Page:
The rise of caesarean section deliveries of babies has raised eyebrows in India and across the world with suspicions and allegations that many caesarean sections might have been unnecessarily promoted by private healthcare practitioners in money-making schemes. While such commercial factors may exist, scientists from Austria have found that caesarean section deliveries may have changed the way humans evolve, with more women now being born with narrow pelvises.
A caesarean section – or a c-section – is a surgery to deliver the baby through a cut made in the stomach and the womb. It is performed in a number of situations where a pregnant mother develops complications like if the baby is in the breech position with feet towards the birth canal, if the mother has a low lying placenta or high blood pressure. It is also done in cases of foetal pelvic disproportion where the baby’s head is too big to fit the mother’s pelvis.
Before this technique was popularised, often both the mother and the baby would die during labour in cases of foetal pelvic disproportion. The deployment of c-section surgeries in such cases has possibly helped save the lives of both mothers and children. This use of the surgery has caused the genes encoding narrow pelvis to be passed on from mother to their daughters, Dr Philipp Mitteroecker of the department of theoretical biology at the University of Vienna and one of the authors of the new paper told the BBC.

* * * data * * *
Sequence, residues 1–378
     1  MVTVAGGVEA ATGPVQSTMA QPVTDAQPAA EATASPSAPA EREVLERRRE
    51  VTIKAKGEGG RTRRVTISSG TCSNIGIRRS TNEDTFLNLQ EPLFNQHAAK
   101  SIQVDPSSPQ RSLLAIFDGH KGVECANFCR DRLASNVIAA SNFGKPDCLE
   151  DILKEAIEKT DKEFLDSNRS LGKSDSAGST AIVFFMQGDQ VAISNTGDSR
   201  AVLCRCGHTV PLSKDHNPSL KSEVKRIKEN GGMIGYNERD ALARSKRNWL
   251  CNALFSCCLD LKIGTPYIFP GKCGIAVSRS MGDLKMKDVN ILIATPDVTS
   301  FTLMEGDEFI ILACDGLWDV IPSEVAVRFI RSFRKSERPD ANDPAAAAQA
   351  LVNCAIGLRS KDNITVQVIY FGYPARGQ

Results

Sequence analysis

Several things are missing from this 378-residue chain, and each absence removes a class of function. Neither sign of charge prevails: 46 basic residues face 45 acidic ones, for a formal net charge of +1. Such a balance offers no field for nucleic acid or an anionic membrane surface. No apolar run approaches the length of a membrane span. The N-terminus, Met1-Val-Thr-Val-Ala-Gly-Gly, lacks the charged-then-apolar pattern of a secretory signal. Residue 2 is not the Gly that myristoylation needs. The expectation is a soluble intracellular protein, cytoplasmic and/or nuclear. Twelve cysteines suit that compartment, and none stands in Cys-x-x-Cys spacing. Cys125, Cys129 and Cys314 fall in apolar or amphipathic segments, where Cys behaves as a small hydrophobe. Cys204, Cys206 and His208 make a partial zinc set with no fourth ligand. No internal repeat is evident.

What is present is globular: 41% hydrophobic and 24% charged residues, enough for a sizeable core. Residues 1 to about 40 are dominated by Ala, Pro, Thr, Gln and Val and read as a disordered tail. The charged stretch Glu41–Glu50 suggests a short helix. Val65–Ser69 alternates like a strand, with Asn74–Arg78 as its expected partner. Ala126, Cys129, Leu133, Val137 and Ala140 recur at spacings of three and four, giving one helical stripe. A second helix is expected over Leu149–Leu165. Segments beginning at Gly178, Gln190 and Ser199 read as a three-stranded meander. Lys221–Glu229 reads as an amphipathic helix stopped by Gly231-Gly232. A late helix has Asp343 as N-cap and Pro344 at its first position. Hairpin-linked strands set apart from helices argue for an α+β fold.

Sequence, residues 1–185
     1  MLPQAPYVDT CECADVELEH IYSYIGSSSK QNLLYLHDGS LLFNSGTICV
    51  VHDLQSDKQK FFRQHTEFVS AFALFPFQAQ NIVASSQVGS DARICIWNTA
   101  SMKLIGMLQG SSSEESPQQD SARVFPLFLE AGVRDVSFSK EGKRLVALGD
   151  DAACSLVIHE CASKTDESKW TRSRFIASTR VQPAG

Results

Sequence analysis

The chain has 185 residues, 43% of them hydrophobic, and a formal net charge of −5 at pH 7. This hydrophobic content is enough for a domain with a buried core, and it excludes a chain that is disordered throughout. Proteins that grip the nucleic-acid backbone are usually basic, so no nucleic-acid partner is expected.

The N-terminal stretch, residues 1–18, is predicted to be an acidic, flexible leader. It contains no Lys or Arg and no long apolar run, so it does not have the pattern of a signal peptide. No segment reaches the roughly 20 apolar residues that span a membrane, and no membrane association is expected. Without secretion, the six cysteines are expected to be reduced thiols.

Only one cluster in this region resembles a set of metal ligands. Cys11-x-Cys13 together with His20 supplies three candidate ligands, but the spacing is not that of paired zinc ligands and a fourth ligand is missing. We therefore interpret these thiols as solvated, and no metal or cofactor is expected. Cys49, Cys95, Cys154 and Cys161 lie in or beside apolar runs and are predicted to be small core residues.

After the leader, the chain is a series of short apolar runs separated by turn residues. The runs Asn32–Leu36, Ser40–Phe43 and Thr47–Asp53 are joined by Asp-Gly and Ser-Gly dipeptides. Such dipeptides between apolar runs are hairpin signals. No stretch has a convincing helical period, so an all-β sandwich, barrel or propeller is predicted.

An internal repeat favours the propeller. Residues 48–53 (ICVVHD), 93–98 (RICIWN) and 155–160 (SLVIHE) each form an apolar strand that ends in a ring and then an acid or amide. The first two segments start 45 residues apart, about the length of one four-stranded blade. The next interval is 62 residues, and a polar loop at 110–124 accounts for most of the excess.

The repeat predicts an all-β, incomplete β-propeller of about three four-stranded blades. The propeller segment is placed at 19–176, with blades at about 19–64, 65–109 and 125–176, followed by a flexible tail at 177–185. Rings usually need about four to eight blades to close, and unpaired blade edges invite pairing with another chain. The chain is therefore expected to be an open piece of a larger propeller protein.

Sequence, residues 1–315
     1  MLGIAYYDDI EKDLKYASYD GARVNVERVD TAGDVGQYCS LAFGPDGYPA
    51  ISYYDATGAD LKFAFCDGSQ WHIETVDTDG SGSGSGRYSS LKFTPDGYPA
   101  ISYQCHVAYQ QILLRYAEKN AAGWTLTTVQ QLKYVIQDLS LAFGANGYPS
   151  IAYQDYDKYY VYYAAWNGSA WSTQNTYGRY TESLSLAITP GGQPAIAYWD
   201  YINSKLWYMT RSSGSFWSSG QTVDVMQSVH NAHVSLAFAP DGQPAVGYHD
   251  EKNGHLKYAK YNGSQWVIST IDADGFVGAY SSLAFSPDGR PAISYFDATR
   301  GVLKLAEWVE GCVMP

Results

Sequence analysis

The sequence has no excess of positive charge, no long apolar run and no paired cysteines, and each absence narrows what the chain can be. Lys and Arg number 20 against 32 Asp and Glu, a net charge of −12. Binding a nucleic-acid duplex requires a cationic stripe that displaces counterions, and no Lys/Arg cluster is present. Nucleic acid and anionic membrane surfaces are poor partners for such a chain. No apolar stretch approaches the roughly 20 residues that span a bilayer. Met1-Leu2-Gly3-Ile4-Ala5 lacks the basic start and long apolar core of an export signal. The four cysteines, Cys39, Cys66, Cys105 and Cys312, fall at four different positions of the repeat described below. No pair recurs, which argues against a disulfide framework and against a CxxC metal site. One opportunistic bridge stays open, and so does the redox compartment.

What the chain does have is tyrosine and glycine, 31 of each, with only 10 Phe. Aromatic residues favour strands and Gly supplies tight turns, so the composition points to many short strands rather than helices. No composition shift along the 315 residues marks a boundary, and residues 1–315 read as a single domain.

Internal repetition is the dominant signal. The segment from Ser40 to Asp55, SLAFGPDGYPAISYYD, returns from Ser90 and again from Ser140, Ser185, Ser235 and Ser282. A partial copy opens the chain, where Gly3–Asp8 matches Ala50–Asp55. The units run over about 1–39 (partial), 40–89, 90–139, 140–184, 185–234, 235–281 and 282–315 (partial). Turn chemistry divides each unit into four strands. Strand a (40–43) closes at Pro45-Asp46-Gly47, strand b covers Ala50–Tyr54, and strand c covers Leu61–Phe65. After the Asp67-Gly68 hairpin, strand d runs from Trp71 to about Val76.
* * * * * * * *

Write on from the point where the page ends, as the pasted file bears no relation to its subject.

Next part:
The use of c-section surgeries has led to the researchers to predict that the cases where babies cannot fit through the birth canal to have increased by 10% to 20%. Researchers have estimated that the cases where the baby cannot fit through the birth canal have increased from 30 in 1000 births in the 1960s to 36 in 1000 births worldwide, BBC reported.
The study from Austria also found that that there is a trend also towards larger newborns, who are healthier and more likely to be survive. These large babies would earlier get stuck during labour. The research was published in the journal Proceedings of the National Academy of Sciences.
“I expect that this evolutionary trend will continue but perhaps only slightly and slowly,” Mitteroecker told the BBC. “There are limits to that. So I don’t expect that one day the majority of children will have to be born by (Caesarean) sections.”
No doubt, there is some evidence of misuse of the technique. In India, there have been several cases reported of parents “planning” a c-sections not for medical reasons but for astrological purposes.
In India, the National Family Health Survey 4 between 2015-’16 across 15 states showed that number of children delivered via C-section in the private sector was nearly double of that of the private sector. Telangana recorded the highest percentage of babies delivered via c-section among these 15 states, as opposed to the World Health Organisation norm that prescribes c-section deliveries to be ideally 10%-15 % of total deliveries.